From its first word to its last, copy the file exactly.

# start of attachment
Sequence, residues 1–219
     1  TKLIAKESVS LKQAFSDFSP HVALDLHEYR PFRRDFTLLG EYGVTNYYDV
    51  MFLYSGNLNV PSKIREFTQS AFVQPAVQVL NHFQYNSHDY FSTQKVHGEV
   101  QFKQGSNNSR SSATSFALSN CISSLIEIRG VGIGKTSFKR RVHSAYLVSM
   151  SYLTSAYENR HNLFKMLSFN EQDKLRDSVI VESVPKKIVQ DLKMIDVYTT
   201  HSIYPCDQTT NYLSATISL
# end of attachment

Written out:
Sequence, residues 1–219
     1  TKLIAKESVS LKQAFSDFSP HVALDLHEYR PFRRDFTLLG EYGVTNYYDV
    51  MFLYSGNLNV PSKIREFTQS AFVQPAVQVL NHFQYNSHDY FSTQKVHGEV
   101  QFKQGSNNSR SSATSFALSN CISSLIEIRG VGIGKTSFKR RVHSAYLVSM
   151  SYLTSAYENR HNLFKMLSFN EQDKLRDSVI VESVPKKIVQ DLKMIDVYTT
   201  HSIYPCDQTT NYLSATISL